A numerical study of inferred rockfish (Sebastes spp.) larval dispersal along the central California coast
Successful recruitment of marine fishes depends on survival during early life-history stages, which is influenced by oceanic advection due to its impact on coastal trophodynamics and transport processes. Here we evaluate the influence of ocean circulation on the dispersal of rockfish (Sebastes spp.) larvae along the central California coast using an implementation of the Regional Ocean Modeling System, driven at the surface by output from the Coupled Ocean Atmosphere Mesoscale Prediction System. Thousands of floats simulating rockfish larval propagules, constrained to follow fixed depths, were released over a broad coastal area at 2-day intervals, and transported by simulated ocean currents at depths of 1, 7, 20, 40, and 70 m. Trajectory statistics are averaged across the 4-yr period from January 2000 through December 2003 to reveal mean trajectory direction, net displacement, fractional cross-shore loss, and duration of retention for different seasons. On average, near-surface propagules originating nearshore are transported offshore during the upwelling season, whereas deeper propagules move alongshore to the north. This vertical shear vanishes during winter, with most floats moving alongshore to the north, regardless of depth. After 35 days in the water column, typical transport distances were ∼50 km for floats remaining nearshore and ∼150 km for floats over the midshelf and slope. Implications for performance of marine reserves for rockfish conservation are discussed. Our results also provide evidence for a strong semiannual pattern of coastal retention rates, with high export of near-surface drifters during the upwelling season. In contrast, high rates of shelf retention occurred for releases at 20 m and deeper during summer, and at all depths during winter.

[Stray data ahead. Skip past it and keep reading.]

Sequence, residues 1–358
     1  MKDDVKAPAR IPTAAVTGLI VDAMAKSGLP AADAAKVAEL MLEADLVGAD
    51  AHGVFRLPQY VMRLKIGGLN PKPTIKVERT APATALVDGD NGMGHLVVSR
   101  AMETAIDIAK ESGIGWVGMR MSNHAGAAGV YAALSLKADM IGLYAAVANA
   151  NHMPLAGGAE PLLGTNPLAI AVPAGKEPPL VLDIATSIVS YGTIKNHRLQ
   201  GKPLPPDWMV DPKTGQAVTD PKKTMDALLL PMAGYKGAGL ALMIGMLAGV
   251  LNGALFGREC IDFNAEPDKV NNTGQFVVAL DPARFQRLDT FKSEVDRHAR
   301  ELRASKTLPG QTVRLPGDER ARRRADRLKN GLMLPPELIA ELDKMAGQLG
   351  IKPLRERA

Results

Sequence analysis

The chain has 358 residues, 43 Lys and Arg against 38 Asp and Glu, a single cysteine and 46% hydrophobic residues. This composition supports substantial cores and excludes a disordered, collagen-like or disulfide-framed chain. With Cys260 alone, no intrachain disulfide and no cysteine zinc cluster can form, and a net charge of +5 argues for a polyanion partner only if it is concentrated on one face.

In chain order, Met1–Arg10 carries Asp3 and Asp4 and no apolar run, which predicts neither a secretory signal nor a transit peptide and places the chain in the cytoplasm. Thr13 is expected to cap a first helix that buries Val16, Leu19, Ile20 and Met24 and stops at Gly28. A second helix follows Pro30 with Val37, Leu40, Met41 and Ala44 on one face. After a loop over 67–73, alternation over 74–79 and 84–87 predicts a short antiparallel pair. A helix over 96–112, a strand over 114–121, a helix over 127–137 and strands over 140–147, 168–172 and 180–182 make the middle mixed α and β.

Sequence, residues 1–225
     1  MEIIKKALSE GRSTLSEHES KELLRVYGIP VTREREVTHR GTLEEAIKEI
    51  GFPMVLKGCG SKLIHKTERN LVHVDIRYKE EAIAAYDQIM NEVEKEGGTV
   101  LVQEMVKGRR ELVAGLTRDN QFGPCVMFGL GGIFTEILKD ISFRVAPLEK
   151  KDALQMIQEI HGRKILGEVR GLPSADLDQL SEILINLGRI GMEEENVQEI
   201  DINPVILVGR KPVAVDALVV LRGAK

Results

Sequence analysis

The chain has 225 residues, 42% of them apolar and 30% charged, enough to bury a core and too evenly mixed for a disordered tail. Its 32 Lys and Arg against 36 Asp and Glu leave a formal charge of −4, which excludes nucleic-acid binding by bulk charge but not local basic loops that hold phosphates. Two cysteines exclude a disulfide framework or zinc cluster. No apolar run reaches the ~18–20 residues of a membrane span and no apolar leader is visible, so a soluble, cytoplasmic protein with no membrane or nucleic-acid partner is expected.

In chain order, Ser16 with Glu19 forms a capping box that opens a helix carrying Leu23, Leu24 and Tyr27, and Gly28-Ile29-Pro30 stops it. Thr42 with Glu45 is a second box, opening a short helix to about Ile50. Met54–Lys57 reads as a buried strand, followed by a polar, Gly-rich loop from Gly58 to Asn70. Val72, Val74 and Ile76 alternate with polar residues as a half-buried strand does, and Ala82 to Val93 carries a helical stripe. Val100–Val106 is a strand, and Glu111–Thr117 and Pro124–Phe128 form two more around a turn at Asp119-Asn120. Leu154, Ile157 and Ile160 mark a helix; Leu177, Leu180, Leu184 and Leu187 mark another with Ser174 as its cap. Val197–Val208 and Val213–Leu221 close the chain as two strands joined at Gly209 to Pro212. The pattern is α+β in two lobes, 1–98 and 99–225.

Document Type: Research Article
Publication date: January 1, 2010